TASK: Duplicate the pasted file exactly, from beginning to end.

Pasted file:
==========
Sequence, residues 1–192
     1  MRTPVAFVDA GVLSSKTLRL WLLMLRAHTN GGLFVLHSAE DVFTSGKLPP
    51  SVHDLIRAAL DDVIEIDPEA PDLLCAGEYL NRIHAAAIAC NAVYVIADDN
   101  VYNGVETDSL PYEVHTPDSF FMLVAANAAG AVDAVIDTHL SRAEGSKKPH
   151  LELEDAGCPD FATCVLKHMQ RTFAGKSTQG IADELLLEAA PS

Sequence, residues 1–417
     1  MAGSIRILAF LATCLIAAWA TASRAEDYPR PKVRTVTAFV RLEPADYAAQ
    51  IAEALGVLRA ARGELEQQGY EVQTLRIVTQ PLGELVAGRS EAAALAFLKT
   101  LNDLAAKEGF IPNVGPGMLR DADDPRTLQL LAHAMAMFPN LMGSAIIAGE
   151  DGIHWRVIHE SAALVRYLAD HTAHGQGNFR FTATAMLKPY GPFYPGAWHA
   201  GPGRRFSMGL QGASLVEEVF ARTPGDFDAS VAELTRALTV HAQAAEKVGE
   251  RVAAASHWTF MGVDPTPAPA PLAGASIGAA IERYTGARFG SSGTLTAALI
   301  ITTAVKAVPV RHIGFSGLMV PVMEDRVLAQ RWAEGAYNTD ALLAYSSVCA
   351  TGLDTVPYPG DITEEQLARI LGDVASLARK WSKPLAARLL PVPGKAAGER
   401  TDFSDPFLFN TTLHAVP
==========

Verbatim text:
Sequence, residues 1–192
     1  MRTPVAFVDA GVLSSKTLRL WLLMLRAHTN GGLFVLHSAE DVFTSGKLPP
    51  SVHDLIRAAL DDVIEIDPEA PDLLCAGEYL NRIHAAAIAC NAVYVIADDN
   101  VYNGVETDSL PYEVHTPDSF FMLVAANAAG AVDAVIDTHL SRAEGSKKPH
   151  LELEDAGCPD FATCVLKHMQ RTFAGKSTQG IADELLLEAA PS

Sequence, residues 1–417
     1  MAGSIRILAF LATCLIAAWA TASRAEDYPR PKVRTVTAFV RLEPADYAAQ
    51  IAEALGVLRA ARGELEQQGY EVQTLRIVTQ PLGELVAGRS EAAALAFLKT
   101  LNDLAAKEGF IPNVGPGMLR DADDPRTLQL LAHAMAMFPN LMGSAIIAGE
   151  DGIHWRVIHE SAALVRYLAD HTAHGQGNFR FTATAMLKPY GPFYPGAWHA
   201  GPGRRFSMGL QGASLVEEVF ARTPGDFDAS VAELTRALTV HAQAAEKVGE
   251  RVAAASHWTF MGVDPTPAPA PLAGASIGAA IERYTGARFG SSGTLTAALI
   301  ITTAVKAVPV RHIGFSGLMV PVMEDRVLAQ RWAEGAYNTD ALLAYSSVCA
   351  TGLDTVPYPG DITEEQLARI LGDVASLARK WSKPLAARLL PVPGKAAGER
   401  TDFSDPFLFN TTLHAVP